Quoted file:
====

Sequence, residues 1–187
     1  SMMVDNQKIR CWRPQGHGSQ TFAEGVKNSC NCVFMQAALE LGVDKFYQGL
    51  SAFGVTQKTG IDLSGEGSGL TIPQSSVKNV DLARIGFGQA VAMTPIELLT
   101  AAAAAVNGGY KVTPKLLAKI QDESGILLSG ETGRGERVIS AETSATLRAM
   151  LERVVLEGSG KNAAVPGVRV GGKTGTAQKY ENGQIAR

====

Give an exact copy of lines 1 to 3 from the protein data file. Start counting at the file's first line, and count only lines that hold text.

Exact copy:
Sequence, residues 1–187
     1  SMMVDNQKIR CWRPQGHGSQ TFAEGVKNSC NCVFMQAALE LGVDKFYQGL
    51  SAFGVTQKTG IDLSGEGSGL TIPQSSVKNV DLARIGFGQA VAMTPIELLT